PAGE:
The rotation causes one wing to move faster than the other, as the aircraft rolls it slips sideways. If the spin is not stopped, the plane continue to roll and slip until it is in an out-of-control. However, if rudder is used to stop the incipient spin before it becomes a full spin, in this case the incipient spin will begin in the opposite direction, so it must be stopped again, and the process is repeated throughout the maneuver. The falling leaf is used as a training maneuver, teaching the pilot to control the plane during a stall. It is generally performed from a low-speed, level stall, to avoid the buffeting, departure from the normal flightpath and it is used in aerobatic competitions and shows as a demonstration maneuver. As the speed drops, the pilot holds the plane as level as possible in both the direction and the lateral direction. When the stall speed is reached, the plane will lose lift, due to the low speed and high angle of attack, the aircraft loses its boundary layer, making the control surfaces barely responsive to pilot inputs.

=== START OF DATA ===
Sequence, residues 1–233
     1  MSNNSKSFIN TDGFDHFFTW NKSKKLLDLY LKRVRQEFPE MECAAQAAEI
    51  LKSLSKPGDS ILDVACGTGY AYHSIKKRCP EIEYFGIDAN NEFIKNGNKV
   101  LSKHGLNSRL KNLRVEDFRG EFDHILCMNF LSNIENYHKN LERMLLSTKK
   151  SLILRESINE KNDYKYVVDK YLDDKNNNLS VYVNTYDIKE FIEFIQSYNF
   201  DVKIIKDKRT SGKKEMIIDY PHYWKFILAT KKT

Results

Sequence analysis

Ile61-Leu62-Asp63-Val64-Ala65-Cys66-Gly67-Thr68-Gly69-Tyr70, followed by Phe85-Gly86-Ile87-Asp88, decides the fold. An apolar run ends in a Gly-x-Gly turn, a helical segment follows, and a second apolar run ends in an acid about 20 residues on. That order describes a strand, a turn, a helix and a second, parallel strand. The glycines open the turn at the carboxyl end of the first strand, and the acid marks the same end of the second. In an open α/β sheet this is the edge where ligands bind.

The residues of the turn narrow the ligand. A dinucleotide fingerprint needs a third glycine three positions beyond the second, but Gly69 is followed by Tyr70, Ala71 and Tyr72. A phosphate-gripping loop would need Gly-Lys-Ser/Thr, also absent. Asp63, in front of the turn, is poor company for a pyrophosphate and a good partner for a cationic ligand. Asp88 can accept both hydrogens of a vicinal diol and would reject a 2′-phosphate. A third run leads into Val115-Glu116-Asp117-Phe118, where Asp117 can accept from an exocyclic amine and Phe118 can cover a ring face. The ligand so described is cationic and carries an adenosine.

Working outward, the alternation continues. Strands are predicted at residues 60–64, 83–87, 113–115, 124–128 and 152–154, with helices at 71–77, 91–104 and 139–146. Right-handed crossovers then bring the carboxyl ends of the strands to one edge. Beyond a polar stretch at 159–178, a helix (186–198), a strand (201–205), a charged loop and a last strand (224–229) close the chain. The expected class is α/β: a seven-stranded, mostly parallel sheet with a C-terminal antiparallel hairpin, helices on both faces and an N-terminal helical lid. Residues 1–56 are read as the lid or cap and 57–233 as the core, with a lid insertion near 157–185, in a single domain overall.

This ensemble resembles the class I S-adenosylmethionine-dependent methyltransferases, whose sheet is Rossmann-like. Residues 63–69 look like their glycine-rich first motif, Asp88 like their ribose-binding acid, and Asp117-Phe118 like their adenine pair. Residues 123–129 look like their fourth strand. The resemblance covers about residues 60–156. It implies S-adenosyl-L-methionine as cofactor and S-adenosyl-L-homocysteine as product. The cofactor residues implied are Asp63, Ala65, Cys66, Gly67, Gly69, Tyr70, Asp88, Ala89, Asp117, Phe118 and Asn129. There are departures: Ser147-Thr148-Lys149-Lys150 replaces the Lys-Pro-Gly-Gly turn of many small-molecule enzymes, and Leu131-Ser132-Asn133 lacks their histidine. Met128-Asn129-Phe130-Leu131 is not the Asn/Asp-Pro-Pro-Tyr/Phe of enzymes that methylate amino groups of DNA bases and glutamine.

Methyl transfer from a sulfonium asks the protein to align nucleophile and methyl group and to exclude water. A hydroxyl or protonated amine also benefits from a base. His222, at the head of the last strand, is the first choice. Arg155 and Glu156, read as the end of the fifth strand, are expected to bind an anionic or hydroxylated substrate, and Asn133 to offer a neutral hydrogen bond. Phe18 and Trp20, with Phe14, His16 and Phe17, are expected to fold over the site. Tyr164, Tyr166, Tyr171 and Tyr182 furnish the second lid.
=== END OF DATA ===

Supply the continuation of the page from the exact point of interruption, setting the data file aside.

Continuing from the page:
Therefore, the controls are usually pushed to their maximum limit to get the plane to respond, as the aircraft stalls, the nose will begin to drop. At this point the pilot applies full or nearly full elevator, while holding the ailerons neutral, the pilot applies full rudder in one direction, to induce a spin. When the spin begins, the pilot reverses the rudder direction, the aircraft will roll during the spin and will drop to the side in a slip before the rudder has a chance to take authority over the plane. As the rudder stops the spin, the wings will level, at this time, the pilot reverses the rudder, and this is repeated until the pilot decides to disengage from the maneuver